Duluth, Minnesota (OpEdNews) December 26, 2013: Phil Robertson is a self-described Bible-thumper and the 67-year-old patriarch of the A&E network's wildly popular television show "Duck Dynasty." He's a duck hunter in Louisiana. He and his family have made big bucks selling various products under the brand Duck Dynasty.
Armed with a tape recorder, the young Drew Magary, a self-described "milquetoast suburban WASP," went to Louisiana to interview the old Bible-thumper. Then Magary wrote up a profile of the old guy and his views, and got it published in the magazine GQ. But Magary's piece does not contain tips for today's gentleman about duck hunting, despite the colorful photograph of Phil and other Robertson men in their duck-hunting outfits. The mottoes at GQ are "Look Sharp" and "Live Smart." I guess that the photograph is tipping readers off about how to look sharp when they go duck hunting.
Evidently, Magary and the editors of GQ think that today's gentleman needs to be informed about Phil Robertson's views regarding blacks in the Jim-Crow era in the South before the civil-rights era and regarding sin and morality and homosexual sex acts. (Out of consideration of space, I will skip over Phil Robertson's debatable views of the old Jim-Crow era before the civil-rights era.)
As we might expect, the publication of Phil Robertson's views in GQ has served as a predictable prompt to further exchanges of views in our ongoing culture-wars regarding blacks and regarding homosexuality and other issues.
For example, in response to the charge that Phil Robertson is expressing homophobic views, Mike Huckabee, a Bible-thumper himself, has pointed out that Phil's views are "traditional" Christian views, as though this is supposed to put the views beyond debate. However, for centuries, the "traditional" Christian view was that slavery was OK. And for centuries, many Christians were OK with rabid anti-Semitism.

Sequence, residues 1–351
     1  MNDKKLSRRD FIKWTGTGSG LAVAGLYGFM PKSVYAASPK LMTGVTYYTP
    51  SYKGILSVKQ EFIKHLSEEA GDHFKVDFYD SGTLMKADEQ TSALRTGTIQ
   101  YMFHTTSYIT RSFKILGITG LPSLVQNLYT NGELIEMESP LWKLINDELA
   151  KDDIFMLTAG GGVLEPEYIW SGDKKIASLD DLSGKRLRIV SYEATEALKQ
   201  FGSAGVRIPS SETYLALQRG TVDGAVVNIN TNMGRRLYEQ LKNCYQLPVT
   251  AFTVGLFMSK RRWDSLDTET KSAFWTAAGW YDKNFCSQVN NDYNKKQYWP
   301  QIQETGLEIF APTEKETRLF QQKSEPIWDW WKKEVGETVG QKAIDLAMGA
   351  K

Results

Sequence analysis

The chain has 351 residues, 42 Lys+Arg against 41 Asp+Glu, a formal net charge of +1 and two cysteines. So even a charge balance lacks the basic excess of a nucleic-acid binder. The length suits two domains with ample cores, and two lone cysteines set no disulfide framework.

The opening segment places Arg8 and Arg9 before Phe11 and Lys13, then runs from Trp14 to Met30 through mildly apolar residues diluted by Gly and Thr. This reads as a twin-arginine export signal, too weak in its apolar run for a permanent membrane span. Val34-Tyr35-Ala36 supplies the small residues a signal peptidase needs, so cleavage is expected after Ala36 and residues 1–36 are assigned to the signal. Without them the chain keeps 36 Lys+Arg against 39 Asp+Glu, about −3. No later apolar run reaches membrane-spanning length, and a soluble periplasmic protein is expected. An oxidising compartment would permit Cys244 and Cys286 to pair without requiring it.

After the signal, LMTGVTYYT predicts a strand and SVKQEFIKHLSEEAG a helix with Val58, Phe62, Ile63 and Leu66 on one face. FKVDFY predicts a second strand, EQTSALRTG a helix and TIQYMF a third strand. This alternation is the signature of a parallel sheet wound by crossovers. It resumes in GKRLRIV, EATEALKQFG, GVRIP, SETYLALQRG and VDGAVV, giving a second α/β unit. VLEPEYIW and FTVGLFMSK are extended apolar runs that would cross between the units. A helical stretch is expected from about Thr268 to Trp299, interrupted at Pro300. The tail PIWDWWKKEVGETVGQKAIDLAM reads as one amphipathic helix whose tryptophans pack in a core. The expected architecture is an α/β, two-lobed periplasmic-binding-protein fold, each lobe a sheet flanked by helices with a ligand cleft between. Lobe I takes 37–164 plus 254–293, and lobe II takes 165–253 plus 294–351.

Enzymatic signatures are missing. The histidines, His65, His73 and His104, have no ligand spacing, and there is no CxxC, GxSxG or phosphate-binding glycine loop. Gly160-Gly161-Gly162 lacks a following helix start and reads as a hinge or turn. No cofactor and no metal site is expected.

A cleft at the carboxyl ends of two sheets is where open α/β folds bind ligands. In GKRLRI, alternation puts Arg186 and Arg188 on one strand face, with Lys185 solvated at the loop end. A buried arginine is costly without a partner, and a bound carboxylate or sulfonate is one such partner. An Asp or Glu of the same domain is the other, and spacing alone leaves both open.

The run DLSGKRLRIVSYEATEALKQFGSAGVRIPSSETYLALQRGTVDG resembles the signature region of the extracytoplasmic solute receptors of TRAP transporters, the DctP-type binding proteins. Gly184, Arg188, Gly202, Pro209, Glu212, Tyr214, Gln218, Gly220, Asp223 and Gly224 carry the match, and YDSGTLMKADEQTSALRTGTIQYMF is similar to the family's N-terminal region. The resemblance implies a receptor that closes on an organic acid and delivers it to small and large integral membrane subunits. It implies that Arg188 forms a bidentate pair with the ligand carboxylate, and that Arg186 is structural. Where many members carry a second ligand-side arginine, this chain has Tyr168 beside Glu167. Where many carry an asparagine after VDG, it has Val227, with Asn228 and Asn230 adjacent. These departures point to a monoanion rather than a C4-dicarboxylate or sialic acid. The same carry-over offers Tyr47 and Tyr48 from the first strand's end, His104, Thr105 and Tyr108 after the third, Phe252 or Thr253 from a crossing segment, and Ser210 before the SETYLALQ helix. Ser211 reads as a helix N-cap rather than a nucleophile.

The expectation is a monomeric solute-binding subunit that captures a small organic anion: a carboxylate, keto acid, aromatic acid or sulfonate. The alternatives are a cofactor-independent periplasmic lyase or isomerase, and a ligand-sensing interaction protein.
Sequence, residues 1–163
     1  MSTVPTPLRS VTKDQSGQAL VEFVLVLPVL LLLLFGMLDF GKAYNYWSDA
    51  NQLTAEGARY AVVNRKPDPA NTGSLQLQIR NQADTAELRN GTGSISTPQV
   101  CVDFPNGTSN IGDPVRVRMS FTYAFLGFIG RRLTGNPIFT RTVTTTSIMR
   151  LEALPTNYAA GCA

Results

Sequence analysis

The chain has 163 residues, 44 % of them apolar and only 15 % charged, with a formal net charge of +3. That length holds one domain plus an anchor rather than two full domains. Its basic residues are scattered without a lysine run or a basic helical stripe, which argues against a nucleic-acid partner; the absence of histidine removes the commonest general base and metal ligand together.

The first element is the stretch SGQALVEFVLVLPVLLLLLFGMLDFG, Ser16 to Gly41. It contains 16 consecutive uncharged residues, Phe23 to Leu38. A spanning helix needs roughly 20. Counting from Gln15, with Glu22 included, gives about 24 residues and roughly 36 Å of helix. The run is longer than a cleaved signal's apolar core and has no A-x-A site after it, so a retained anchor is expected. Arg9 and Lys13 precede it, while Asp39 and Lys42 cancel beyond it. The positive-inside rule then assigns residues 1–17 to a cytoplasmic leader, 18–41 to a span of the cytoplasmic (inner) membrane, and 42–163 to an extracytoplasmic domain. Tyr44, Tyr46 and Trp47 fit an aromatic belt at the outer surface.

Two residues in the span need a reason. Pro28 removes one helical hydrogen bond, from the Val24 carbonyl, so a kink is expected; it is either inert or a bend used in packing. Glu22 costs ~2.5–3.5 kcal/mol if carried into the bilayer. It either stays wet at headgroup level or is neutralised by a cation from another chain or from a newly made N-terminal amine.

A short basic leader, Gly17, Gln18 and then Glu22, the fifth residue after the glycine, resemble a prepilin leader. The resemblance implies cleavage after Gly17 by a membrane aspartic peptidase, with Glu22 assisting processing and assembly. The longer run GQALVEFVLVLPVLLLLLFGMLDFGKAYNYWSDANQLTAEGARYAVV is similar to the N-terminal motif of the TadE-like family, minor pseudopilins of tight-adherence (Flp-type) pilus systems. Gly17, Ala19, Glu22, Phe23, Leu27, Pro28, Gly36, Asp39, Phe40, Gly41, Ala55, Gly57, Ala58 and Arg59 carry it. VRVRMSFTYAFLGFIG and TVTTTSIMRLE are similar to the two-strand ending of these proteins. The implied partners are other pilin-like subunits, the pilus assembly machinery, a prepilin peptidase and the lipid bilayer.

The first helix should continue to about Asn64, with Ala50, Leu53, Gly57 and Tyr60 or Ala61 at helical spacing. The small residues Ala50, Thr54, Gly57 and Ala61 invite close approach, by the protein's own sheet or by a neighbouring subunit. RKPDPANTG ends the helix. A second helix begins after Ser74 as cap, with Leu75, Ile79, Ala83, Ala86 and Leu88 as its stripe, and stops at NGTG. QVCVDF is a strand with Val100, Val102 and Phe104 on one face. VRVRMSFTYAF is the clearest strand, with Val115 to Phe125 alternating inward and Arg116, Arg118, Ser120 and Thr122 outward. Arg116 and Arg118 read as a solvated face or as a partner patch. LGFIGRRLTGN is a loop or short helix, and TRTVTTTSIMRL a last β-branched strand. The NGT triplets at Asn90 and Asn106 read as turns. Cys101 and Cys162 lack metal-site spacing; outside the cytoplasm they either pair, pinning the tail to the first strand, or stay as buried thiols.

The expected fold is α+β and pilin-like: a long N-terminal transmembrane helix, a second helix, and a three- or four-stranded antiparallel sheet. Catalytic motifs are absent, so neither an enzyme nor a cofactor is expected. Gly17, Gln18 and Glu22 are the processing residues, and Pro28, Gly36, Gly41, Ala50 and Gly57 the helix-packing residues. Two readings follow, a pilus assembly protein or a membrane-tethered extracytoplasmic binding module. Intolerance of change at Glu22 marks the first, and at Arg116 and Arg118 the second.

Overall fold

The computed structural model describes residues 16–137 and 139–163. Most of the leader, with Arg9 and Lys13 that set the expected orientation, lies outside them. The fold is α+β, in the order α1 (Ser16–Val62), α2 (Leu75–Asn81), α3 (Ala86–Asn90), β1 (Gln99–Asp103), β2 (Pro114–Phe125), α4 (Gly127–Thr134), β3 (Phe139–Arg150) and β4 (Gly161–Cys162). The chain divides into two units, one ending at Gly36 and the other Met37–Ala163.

Nevertheless, I agree with Huckabee that Phil Robertson's views about homosexuality represent the basic Christian view historically.
Now, the Roman Catholic bishops in the United States have spent big bucks on their campaign against same-sex marriage under the civil law. But surveys show that many Catholics support same-sex marriage under the civil law. So after all the effort and money that the Catholic bishops devoted to their campaign against same-sex marriage, the results were not exactly impressive. Their efforts did not work to persuade all Catholics to go along with the bishops' views. (The Catholic bishops are also not doing so well at persuading married Catholics to follow the church's teaching against the use of artificial contraception for the purposes of family planning.)
Is it possible that the debate prompted by Phil Robertson's views will help undermine his views among other self-described Bible-thumpers -- as the Catholic bishops' campaign against same-sex marriage evidently did among certain Catholics?
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